History

A library was first founded in 1946 at 218 Sussex Gardens, near Hyde Park, which was, between 1945-47, the headquarters of the Ukrainian Relief Association (the forerunner of AUGB) and the centre of Ukrainian community life for both the Ukrainian-Canadian servicemen who were stationed in Great Britain and Ukrainian ex-servicemen who had served in the Polish armed forces who found themselves in Great Britain at the end of the Second World War. Records show that the small library and reading room was visited by 12 people a day.

In mid-1947, the library moved to its current home at 49 Linden Gardens, taking with it the existing collection of the Ukrainian Canadian Servicemen’s Association and material donated by ex-servicemen from the Ukrainian Division. 

In the early 1960s, when the Ukrainian community celebrated the centenary of the death of Taras Shevchenko – Ukraine’s greatest poet – the library was named in his honour.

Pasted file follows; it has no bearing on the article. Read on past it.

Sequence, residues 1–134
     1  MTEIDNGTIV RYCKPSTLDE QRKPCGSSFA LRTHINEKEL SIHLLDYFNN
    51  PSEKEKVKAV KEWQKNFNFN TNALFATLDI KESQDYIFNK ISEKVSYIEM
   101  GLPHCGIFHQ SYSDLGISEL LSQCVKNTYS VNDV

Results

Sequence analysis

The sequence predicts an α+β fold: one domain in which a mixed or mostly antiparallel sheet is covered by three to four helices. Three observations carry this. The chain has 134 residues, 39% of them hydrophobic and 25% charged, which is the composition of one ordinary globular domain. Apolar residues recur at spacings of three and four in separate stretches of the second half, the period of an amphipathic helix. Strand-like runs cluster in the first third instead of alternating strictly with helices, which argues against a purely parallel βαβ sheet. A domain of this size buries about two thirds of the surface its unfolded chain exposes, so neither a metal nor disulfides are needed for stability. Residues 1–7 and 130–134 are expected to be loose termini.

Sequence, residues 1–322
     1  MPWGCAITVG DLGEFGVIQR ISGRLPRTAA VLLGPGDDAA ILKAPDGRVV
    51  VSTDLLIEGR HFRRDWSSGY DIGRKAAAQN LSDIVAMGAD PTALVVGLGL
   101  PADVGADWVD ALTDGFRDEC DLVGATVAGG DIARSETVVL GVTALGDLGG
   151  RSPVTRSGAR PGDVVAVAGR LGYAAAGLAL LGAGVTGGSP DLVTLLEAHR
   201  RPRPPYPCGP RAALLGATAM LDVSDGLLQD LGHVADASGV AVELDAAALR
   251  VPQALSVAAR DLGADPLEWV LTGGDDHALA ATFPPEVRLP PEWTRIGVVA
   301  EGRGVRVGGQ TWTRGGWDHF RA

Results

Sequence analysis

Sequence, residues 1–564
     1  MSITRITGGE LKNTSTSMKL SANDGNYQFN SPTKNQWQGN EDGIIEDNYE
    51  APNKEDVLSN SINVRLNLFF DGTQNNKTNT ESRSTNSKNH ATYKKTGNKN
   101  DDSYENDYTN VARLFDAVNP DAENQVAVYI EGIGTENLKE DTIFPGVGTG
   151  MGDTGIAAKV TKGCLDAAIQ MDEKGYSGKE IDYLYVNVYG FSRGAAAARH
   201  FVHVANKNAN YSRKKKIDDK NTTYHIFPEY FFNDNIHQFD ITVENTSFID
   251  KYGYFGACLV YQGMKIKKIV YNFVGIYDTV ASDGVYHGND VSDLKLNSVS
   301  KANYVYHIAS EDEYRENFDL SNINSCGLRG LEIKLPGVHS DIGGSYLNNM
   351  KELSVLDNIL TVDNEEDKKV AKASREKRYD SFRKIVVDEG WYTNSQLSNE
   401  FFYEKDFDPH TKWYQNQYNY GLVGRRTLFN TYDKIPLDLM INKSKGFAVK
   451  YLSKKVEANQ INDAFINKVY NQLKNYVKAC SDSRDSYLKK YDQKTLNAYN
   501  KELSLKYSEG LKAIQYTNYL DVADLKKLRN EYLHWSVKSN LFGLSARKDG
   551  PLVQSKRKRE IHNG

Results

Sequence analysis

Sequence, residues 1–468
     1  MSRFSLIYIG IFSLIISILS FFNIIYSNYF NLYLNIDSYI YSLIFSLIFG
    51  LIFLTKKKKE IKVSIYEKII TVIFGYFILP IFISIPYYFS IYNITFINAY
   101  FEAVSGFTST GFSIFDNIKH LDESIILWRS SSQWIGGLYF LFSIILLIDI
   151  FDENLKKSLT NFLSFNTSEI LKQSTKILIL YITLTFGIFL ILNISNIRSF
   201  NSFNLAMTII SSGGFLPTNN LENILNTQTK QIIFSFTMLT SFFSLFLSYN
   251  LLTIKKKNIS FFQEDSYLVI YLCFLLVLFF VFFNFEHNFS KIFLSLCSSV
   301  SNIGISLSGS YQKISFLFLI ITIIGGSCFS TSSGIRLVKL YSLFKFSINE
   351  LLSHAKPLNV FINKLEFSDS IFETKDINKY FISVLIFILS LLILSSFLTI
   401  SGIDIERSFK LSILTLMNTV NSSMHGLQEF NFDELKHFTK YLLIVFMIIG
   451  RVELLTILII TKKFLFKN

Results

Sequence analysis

Many distinguished Ukrainians worked to establish the library, including:

  • Dr Petro Kovaliv, a lawyer from Switzerland, and part of Ukraine’s diplomatic corps during its brief period of independence in 1919, who donated many rare documents and items from that period and also donated £3000 (a huge sum then) to provide a budget for the library;
  • Dr P Yuzyk, a doctor of law and member of the Canadian Senate – one of the early curators of the library;
  • Professor V Svoboda of the School of Slavonic and Eastern European Studies of the University of London – another of the early curators;
  • Volodymyr Shayan, a distinguished philosopher and philologist, student of Sanskrit and European language and literature, and author of works on early Ukrainian religion and culture.

In 2000, the library was renovated and re-catalogued to ensure that the whole collection was accurately recorded and to make the library more easily accessible by readers and students.